Franckle emphasized the importance of BC students getting vaccinated when it becomes available to them.
“Any increase in the number of vaccinated community members will get us closer to a return to normal. I strongly encourage anybody who has the opportunity to be vaccinated to do so – this will keep you safer, and also help to protect our community,” she said.
Even if BC students receive vaccines this spring, they should not expect a drastic lifting of preventative measures and University rules, Landrigan said.
“My guess is that BC will err on the side of caution,” he said. “I think you’re gonna see masks and social distancing and hand washing and random testing throughout the spring semester.”
Landrigan also said that he believes these measures will continue due to their role in the University’s success in suppressing positive cases on campus.
“They’ve got a solid plan here, they’ve got all the personnel and resources in place,” Landrigan said. “I can’t see them abandoning this plan in the middle of the spring semester.”
In an email sent to students prior to the beginning of the semester, BC Residential Life wrote that vaccinated students will still be required to get tested and quarantine upon their arrival to campus. Vaccinated students are also still subject to contact tracing and quarantine procedures, Senior Associate Director of University Communications Ed Hayward said in a statement to The Heights.
Per Massachusetts state guidelines, BC had administered its 100 doses of the COVID-19 vaccine to frontline workers on campus, Hayward said on Wednesday.
Johnson said that, because of the circumstances that the vaccine emerged in, even once vaccinated, individuals should err on the side of caution.
“For the time being, even vaccinated individuals should behave and be treated as if they could potentially get and spread the virus because this vaccine is based on an Emergency Use Authorization as opposed to years of community testing,” he said. “Even though it’s known to be efficacious I think what’s not known yet is does it protect everybody and if you have the vaccine does that mean you’re completely unable to spread the virus?”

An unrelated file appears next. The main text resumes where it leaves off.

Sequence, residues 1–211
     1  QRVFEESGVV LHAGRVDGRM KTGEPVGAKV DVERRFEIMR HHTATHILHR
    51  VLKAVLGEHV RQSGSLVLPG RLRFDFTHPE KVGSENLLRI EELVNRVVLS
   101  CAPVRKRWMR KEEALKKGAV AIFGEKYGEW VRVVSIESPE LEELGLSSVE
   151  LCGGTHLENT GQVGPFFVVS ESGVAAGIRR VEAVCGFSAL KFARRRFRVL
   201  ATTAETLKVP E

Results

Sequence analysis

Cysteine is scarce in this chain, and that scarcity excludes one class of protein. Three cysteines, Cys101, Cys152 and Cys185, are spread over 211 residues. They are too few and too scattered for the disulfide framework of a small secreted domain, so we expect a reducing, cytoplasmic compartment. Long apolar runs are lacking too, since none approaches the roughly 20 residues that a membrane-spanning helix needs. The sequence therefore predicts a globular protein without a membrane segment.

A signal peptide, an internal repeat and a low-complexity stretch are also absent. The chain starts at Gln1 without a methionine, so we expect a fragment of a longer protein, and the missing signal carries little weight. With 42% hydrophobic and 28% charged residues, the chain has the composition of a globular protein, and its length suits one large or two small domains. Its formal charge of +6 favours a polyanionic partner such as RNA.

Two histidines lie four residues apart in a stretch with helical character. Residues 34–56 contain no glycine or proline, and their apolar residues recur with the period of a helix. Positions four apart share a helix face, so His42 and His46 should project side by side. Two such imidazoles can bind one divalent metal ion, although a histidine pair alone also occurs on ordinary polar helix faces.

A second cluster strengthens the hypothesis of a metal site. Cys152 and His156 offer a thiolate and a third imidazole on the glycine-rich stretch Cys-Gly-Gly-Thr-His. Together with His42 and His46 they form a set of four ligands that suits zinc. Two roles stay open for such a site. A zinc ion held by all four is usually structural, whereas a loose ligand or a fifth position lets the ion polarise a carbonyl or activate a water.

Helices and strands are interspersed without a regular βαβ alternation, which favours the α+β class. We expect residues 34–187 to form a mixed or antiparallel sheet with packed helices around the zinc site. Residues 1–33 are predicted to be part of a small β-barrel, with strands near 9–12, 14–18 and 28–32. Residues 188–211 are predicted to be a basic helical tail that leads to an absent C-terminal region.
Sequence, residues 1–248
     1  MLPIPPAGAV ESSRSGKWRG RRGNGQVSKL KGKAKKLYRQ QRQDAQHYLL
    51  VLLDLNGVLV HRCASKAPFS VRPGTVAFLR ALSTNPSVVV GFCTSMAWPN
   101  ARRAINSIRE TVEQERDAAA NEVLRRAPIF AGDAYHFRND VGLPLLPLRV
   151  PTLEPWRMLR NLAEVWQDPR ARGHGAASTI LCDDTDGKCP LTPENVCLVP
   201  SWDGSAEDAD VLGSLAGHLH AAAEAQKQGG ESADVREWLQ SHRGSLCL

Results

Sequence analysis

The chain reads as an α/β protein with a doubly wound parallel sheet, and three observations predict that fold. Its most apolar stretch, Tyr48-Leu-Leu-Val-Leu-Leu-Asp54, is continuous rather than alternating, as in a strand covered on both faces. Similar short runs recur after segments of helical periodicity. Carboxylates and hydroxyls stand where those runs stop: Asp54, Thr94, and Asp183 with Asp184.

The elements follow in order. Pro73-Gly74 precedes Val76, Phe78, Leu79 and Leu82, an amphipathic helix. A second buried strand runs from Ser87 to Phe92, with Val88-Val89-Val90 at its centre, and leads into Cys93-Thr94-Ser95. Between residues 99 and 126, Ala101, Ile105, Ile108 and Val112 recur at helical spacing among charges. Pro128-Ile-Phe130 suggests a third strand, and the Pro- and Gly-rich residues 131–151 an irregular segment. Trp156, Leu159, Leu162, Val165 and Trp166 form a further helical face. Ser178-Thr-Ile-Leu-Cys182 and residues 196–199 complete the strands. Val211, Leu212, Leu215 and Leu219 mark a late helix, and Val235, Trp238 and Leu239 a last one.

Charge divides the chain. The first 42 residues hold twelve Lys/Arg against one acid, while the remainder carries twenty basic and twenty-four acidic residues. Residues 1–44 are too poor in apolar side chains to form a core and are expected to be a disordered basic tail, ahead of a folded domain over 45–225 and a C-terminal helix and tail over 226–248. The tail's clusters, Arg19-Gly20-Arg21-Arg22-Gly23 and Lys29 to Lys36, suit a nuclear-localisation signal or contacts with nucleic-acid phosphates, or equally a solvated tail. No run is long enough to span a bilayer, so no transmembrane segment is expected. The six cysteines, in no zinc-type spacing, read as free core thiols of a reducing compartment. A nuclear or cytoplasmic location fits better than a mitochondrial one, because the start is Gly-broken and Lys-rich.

Looking forward, Landrigan said that while it is too far in advance to predict with certainty, he believes there is still a possibility that, come fall 2021, the University will still be conducting asymptomatic surveillance testing.
According to Landrigan, herd immunity will not be reached until at least 80 percent of people are vaccinated.
“Until you get up into the 80s, we won’t be able to say that we’ve got this thing completely suppressed,” he said.
Hawkins said that even as the community reaches herd immunity, there will still be pockets of unvaccinated and unprotected groups, similar to how there is with the Measles virus.
“Until we are very confident that others around us are vaccinated and really to a point that we have herd immunity [we can loosen preventative measures], but there are going to be pockets, just as we see with other viruses,” she said.
Update 2/3/2021 4:40 p.m.: This article has been updated to include BC’s distribution of its 100 doses of the COVID-19 vaccine.
Update 2/7/2021 4:25 pm: This article has been updated to include that Massachusetts was in Phase 2 of the vaccine distribution plan at the time of publication.
Featured Graphic by Meegan Minahan / Heights Editor